Understanding Sleep Apnea in Children: Risks & Signs

Sleep apnea, a condition often associated with adults, is increasingly being recognized in children. This sleep disorder, characterized by pauses in breathing or shallow breaths during sleep, can have significant impacts on a child’s health and well-being. In this article, we delve into the symptoms, causes, and treatment options for sleep apnea in children, providing valuable insights for parents and caregivers.

What is Pediatric Sleep Apnea?

Pediatric sleep apnea is a sleep-related breathing disorder that affects children’s respiratory patterns during sleep. Unlike adults, where obstructive sleep apnea is more common, children can experience different types of sleep apnea, including central, obstructive, and mixed apnea.

Symptoms of Sleep Apnea in Children

  • Snoring or noisy breathing during sleep
  • Pauses in breathing
  • Restless sleep or sleeping in unusual positions
  • Daytime sleepiness or behavioral issues
  • Bedwetting
  • Attention deficit or learning problems

Causes of Sleep Apnea in Children

Several factors can contribute to sleep apnea in children:

  • Enlarged tonsils or adenoids
  • Obesity
  • Allergies or sinus problems
  • Family history of sleep apnea
  • Certain medical conditions, such as Down syndrome or cerebral palsy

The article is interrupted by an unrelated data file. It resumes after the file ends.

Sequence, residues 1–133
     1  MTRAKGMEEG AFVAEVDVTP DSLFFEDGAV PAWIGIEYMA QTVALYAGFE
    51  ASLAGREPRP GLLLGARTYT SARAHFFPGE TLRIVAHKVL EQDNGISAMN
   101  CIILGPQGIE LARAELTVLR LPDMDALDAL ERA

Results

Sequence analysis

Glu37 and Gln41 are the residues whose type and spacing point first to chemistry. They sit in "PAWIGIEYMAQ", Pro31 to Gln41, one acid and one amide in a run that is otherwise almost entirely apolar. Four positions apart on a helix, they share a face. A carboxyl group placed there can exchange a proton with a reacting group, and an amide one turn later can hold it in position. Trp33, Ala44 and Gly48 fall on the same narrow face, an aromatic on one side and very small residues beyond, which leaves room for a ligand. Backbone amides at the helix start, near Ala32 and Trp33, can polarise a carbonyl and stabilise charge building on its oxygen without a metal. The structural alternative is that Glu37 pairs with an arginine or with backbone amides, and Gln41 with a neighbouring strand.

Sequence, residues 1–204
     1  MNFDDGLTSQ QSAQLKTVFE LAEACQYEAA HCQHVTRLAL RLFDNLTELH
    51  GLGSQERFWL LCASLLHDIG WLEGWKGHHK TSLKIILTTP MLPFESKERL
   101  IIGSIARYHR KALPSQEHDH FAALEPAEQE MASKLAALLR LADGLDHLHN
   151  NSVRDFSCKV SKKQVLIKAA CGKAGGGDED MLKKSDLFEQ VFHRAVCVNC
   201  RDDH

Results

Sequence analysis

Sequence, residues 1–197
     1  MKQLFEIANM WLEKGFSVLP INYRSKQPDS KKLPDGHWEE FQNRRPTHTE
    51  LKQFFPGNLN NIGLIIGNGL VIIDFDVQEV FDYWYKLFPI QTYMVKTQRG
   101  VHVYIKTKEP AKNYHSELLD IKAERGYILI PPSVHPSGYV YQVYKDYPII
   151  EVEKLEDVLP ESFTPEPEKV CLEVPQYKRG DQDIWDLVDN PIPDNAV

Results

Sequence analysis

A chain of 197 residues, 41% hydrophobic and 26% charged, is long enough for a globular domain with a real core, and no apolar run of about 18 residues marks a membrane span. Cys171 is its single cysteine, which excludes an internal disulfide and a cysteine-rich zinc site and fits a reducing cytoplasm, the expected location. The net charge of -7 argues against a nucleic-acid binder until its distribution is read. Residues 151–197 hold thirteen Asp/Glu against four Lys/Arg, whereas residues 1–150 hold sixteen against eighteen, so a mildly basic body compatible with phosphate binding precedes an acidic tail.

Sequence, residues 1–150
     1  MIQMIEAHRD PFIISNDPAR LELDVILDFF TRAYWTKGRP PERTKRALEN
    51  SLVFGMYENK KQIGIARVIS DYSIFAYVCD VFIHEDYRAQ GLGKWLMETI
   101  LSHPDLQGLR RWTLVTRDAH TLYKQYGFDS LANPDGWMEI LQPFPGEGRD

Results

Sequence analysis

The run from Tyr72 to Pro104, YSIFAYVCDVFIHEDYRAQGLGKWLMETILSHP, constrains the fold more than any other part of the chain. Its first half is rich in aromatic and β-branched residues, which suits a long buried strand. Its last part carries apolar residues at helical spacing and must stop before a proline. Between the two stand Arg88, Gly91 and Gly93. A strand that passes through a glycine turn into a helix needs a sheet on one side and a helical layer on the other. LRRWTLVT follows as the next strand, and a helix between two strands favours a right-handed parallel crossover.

Diagnosing Sleep Apnea in Children

If you suspect your child has sleep apnea, consult a pediatrician or a sleep specialist. Diagnosis typically involves a thorough medical history, physical examination, and a sleep study (polysomnography), which monitors the child’s breathing, brain activity, and other physiological functions during sleep.

Treatment Options for Pediatric Sleep Apnea

Treatment for sleep apnea in children depends on the severity and underlying cause. Options include:

  • Tonsillectomy and Adenoidectomy: Surgical removal of enlarged tonsils and adenoids is a common treatment.
  • Positive Airway Pressure Therapy: Continuous or bi-level positive airway pressure (CPAP or BiPAP) machines deliver air through a mask to keep the airway open.
  • Oral Appliances: In mild cases, specially designed dental devices can help keep the airway open.
  • Weight Management: For children with obesity, weight loss can improve or resolve sleep apnea.
  • Lifestyle Changes: Allergy management, proper sleep hygiene, and avoiding respiratory irritants can also help.

The Impact of Untreated Sleep Apnea in Children

Untreated sleep apnea can lead to various complications, including:

  • Growth and developmental problems
  • Behavioral and learning difficulties
  • Cardiovascular issues
  • Decreased quality of life

Sleep apnea in children is a serious condition that requires attention and appropriate treatment. Early recognition and intervention can significantly improve a child’s health and development. If you notice signs of sleep apnea in your child, don’t hesitate to seek medical advice.


Q: Can infants have sleep apnea? A: Yes, infants can have sleep apnea, although it’s less common than in older children.

Q: Is sleep apnea in children always a cause for concern? A: Any signs of disrupted breathing during sleep should be evaluated by a healthcare professional.

Q: Can lifestyle changes alone treat sleep apnea in children? A: While lifestyle changes can help, they may not be sufficient for all cases. A healthcare provider can offer the best guidance.